(UPDATED: 2 p.m., Monday)
Something became apparent about the Braves after they won their first two games against the Washington Nationals, and it wasn’t just the revelation: “Wait, they just won back-to-back games over the best team in baseball on a throwing error and a hit batter? Is this the baseball gods making up for Kenshin Kawakami?”
If you walked through the clubhouse, in the dugout or on the field for batting practice Sunday, a feeling of relative serenity for a stretch drive in September was obvious.
Nobody was stressed. Nobody seemed to be obsessing over first place — or, more importantly, not first place. Nobody was thinking about injuries or losing streaks or .200 batting averages or the recent ugliness of a wrong-way series in Milwaukee.
“Somebody said yesterday we have a magic number or something,” Eric Hinske said Sunday. “Really? Who cares?”
He said that. It’s clear they’re all thinking that way.
The Braves swept a three-game series from Washington, then left town to open a three-game series in Miami Monday night. The odds remain against them moving up or down in the playoff race, but the accomplishment of this past week led to some impressive numbers and, dare we suggest, a trace of optimism about October.
The series sweep gave the Braves nearly as many wins over the Nationals in 72 hours as they had in the season’s previous 15 meetings (5-10). They also went into the Miami game with a 10-5 record in September, which means they’ve already exceeded the win total for September last year (9-18).
“Everybody is asking me: Am I going to say something? Am I going to call a meeting?” said Chipper Jones, who singled in the team’s first run in the third inning and scored the final one in a three-run seventh. “If I thought there was any sort of panic or whatnot, I would say something. I just think these guys don’t need an overbearing 40-year-old father to talk to them right now. Let’s just strap it up and play the best baseball we can.”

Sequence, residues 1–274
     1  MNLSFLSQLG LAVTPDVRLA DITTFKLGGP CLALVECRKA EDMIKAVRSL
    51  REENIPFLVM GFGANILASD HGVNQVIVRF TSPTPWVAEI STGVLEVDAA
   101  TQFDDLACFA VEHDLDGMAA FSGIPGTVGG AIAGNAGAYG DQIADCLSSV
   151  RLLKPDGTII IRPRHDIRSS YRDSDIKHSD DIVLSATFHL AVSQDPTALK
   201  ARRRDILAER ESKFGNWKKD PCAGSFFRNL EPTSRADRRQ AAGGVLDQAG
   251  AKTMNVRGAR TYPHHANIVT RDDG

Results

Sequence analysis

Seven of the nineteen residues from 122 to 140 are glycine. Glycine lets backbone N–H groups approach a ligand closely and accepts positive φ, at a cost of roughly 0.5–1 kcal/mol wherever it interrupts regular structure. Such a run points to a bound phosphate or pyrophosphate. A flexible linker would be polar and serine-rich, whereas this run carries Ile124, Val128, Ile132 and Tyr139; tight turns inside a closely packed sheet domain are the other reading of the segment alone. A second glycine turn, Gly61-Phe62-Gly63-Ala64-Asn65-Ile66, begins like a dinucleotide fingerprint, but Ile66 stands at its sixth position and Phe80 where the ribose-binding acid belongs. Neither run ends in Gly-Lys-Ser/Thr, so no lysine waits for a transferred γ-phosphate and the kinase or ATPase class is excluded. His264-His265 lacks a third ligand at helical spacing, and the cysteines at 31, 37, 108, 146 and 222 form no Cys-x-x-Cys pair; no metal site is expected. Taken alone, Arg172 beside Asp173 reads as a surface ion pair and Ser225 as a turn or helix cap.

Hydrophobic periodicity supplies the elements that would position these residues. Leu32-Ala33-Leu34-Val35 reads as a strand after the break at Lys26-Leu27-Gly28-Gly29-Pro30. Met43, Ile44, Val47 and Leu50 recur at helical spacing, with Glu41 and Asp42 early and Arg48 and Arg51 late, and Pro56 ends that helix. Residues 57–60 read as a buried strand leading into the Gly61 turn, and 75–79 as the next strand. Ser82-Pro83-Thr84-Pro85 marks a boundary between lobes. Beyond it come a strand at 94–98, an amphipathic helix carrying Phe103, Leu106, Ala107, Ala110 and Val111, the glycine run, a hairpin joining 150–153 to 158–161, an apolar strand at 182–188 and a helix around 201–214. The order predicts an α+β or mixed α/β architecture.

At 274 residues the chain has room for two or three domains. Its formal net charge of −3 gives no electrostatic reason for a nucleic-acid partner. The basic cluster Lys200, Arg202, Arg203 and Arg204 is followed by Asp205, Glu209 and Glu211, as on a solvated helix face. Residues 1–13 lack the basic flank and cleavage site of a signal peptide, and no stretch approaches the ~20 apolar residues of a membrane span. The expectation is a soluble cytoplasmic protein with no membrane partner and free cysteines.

The Braves were 8½ games out of first place in the National League East before the Washington series. They were 5½ out after. Temper the excitement. That means even if the Nationals only split their final 16 games, the Braves would need to go 13-2 just to tie them and force a one-game playoff.
Possible. But not likely. Then again, before the Braves circled the drain last season and blew their wild card lead, we were saying: Possible. But not likely.
Regardless, what the Braves just did is significant. They’re finally giving a sense that they’re prepared for the stretch run and the playoffs. That the team returned home after getting swept by Milwaukee and didn’t devolve into full meltdown mode against the Nationals is significant, especially given how it reacted in similar circumstances a year ago.
“I know everybody has a bad taste in their mouth whenever we don’t play well for a two- or three-game span,” Jones said. “They start getting all antsy. But we learned a lot from that experience [in 2011] and I think it’s going to be a good thing ultimately that we went through it. When we win something, we’re going to be able to look back and see the silver lining. Nobnody wants to experience that again. People are using that as motivation.”
Dan Uggla, who came through with a clutch two-run single in the seventh inning after popping up on a 3-0 count with two runners on base an inning earlier, said: “You could cut the stress level with a knife in here last year. There’s a lot of things that have happened that enabled us to get to the point we’re at now, whether it was experiencing what we did last year or having everybody healthy right now, except for [Brian McCann]. I think everybody is just more at ease. I think having gone through what we went through last year helps. We kind of joke about it. It’s just a very different situation, and what we’ve done in September shows that.”
Ultimately, the Washington series may not impact the division race. But the foreshadowing for October suddenly isn’t so ominous.
By Jeff Schultz
Instant re-blog (last 10 typings)